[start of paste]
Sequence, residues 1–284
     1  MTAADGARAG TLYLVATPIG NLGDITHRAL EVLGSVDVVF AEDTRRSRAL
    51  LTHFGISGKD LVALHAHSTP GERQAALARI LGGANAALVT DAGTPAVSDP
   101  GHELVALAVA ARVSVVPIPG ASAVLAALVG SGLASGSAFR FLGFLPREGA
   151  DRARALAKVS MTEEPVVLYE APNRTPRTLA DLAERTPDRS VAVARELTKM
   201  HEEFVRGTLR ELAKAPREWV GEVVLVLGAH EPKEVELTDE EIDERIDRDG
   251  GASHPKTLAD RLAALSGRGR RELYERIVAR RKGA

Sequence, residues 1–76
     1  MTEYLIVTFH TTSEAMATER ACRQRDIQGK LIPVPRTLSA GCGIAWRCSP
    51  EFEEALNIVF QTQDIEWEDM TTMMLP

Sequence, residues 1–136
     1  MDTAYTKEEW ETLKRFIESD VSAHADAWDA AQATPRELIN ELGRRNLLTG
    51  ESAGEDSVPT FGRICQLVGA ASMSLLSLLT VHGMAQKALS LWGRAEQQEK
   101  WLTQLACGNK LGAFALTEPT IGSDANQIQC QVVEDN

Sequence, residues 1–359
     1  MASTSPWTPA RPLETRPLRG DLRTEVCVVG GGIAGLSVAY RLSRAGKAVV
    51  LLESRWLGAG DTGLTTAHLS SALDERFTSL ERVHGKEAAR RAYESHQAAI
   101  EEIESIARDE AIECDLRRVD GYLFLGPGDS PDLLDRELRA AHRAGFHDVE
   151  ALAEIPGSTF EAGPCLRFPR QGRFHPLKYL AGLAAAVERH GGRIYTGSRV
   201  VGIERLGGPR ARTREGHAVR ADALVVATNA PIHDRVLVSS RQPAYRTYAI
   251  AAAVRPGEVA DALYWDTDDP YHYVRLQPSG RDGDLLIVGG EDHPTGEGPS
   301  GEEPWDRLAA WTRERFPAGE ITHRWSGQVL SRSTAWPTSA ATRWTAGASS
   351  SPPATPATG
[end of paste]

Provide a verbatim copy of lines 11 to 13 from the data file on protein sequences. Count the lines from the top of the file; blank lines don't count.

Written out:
Sequence, residues 1–136
     1  MDTAYTKEEW ETLKRFIESD VSAHADAWDA AQATPRELIN ELGRRNLLTG
    51  ESAGEDSVPT FGRICQLVGA ASMSLLSLLT VHGMAQKALS LWGRAEQQEK